August 3 (Thursday) 7 pm
August 4 (Friday) 9 pm
Directed by Robert Bresson
France 1967, b/w, 80 min.
With Nadine Nortier, Jean-Claude Guilbert, Maria Cardinal
French with English subtitles
A spiritual meditation on isolation and suffering, Mouchette is a visual study whose tragic eponymous heroine achieves a Bressonian grace. A major filmmaker whose idiosyncratic style has been described as creating a cinematic language unto itself, Bresson treats the incidents of fourteen year old Mouchette’s everyday existence with his customary precision and restraint. Loved by both Ingmar Bergman and Jim Jarmusch (who placed it in his top ten films of all time), the film is a moving portrait containing a fairground sequence of pure, exuberant joy unlike anything else in Bresson’s oeuvre.
August 3 (Thursday) 8:30 pm
August 4 (Friday) 7 pm
Directed by Nicolas Roeg
UK 1973, color, 110 min.
With Julie Christie, Donald Sutherland
A young British couple devastated by their daughter’s accidental death travels to Venice, where they are haunted by recurring visions of the child. One of Britain’s pre-eminent cinematographers of the early 70s, Roeg adapted Daphne Du Maurier’s short story into an elliptical, sensuous, and chilling exploration of grief and the supernatural, full of hypnotic, ominous imagery. British icon Julie Christie followed up her Oscar-nominated performance in Robert Altman’s McCabe and Mrs. Miller with this gripping performance opposite Donald Sutherland.
August 10 (Thursday) 7 pm
August 11 (Friday) 9:15 pm
Directed by John Schlesinger
UK 1963, b/w, 98 min.
With Tom Courtenay, Julie Christie, Wilfred Pickles
With powerful performances in The Loneliness of the Long Distance Runner and Billy Liar, Tom Courtenay stood at the forefront of the British New Wave. His portrayal of the title character in this film is certainly the lighter of the two but no less complex in its construct. Billy is a young man who dreams of leaving behind his dreary life in Northern England for an idealized existence in Ambrosia, a fantasyland where he rules supreme. His penchant for escapism gets him entangled in a web of lies and engagements to three women, including Julie Christie in a free-spirited debut performance. Schlesinger successfully balances the fantastic elements of the stage play on which the film is based with a fitting measure of Kitchen Sink realism.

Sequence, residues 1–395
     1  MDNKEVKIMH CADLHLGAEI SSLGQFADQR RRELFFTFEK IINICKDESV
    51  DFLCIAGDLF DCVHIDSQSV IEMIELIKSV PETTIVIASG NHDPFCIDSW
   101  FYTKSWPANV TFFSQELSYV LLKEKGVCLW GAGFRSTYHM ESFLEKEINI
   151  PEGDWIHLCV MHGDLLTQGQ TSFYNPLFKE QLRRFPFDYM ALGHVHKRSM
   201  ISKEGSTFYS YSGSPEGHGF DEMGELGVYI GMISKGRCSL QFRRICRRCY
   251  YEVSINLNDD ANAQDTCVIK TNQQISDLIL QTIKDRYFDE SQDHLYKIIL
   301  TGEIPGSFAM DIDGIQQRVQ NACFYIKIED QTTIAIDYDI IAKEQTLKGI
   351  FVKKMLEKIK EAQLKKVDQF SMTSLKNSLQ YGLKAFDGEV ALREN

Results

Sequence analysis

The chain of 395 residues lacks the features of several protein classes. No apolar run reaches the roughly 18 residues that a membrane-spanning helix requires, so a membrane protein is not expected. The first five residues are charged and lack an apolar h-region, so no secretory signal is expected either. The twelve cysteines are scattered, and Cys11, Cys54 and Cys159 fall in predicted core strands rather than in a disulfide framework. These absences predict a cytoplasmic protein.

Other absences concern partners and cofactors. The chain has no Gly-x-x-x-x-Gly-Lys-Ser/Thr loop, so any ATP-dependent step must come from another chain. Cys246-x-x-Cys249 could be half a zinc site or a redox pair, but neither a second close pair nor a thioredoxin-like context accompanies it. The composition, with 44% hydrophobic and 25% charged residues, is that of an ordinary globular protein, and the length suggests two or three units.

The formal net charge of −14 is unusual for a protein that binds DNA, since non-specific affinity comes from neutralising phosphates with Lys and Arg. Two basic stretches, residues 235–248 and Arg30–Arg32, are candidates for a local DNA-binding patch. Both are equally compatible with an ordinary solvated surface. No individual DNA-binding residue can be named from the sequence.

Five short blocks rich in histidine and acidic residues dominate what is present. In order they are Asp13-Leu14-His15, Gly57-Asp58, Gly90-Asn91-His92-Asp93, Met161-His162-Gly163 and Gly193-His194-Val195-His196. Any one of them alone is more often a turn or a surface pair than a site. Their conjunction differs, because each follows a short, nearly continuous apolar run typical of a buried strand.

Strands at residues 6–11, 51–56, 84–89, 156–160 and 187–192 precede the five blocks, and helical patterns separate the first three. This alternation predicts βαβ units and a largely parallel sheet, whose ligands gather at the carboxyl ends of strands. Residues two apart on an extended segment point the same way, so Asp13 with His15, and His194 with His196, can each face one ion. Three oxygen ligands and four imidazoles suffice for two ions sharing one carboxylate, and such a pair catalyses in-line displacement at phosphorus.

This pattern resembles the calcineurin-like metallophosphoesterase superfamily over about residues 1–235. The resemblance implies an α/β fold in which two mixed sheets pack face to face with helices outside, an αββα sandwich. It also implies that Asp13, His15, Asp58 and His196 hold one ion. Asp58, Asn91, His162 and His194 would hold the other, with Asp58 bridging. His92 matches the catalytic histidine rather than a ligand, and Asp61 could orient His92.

August 10 (Thursday) 9 pm
August 11 (Friday) 7 pm
Directed by John Cassavetes
US 1970, color, 131 min.
With John Cassavetes, Peter Falk, Ben Gazzara
Cassavetes directed himself for the first time in this portrait of three husbands (played by Cassavetes, Falk, and Gazzara) shaken by the death of a mutual friend. The men go on a drunken bender that takes them to London, where they gamble and pick up women before returning to New York and their families. What’s at stake in this mid-career work from the father of American independent cinema is the raw power of the characters’ desperation. The men are funny, flawed, and searching, their quest indicative of Cassavetes’ desire to show the “tough and crazy” truth of human behavior—and his faith that “if the feelings are true and the relationship is pure, the story will come out of that.”
August 17 (Thursday) 7 pm
August 18 (Friday) 9 pm
Directed by Jiri Menzel
Czechoslovakia 1966, b/w and color, 92 min.
With Vaclav Neckar, Josef Somr, Vlastimil Brodsky
Czech and German with English subtitles
Released at the height of the excitement surrounding the Czech New Wave, Menzel’s debut film sticks closely to the experiences of its protagonist, providing a concentrated and empathetic look at an individual’s experience in the context of vast historical change. Milos (Neckar) comes of age as a trainee at a rail station through which Nazi supply trains pass; his sexual initiation enables him to commit a previously unthinkable act of bravery. The film’s delicate balance of humanism, sensuality, and satire underscores its powerful political message.
August 17 (Thursday) 8:45 pm
August 18 (Friday) 7 pm
Directed by Krzysztof Zanussi
Poland 1977, color, 106 min.
With Piotr Garlicki, Zbigniew Zapasiewicz, Mariusz Dmochowski
Polish with English subtitles
Zanussi's sixth film is the story of machinations surrounding the awarding of a prize in linguistics, Camouflage revealed much about the corruption of scholarly life in Poland—despite the assertion of the Communist Party that there was no such school and no such professors. But the film's setting, a summer institute, also functioned as a microcosm of Polish society as a whole—surely the reason why Camouflage, although neither advertised nor reviewed when it opened in Poland in 1977, attracted more than a million viewers and became Zanussi’s first commercial success. Polish filmmakers today consider it the beginning of the "cinema of moral restlessness," which in the late 1970s included the best films of Kieslowski, Kijowski, Falk, and others.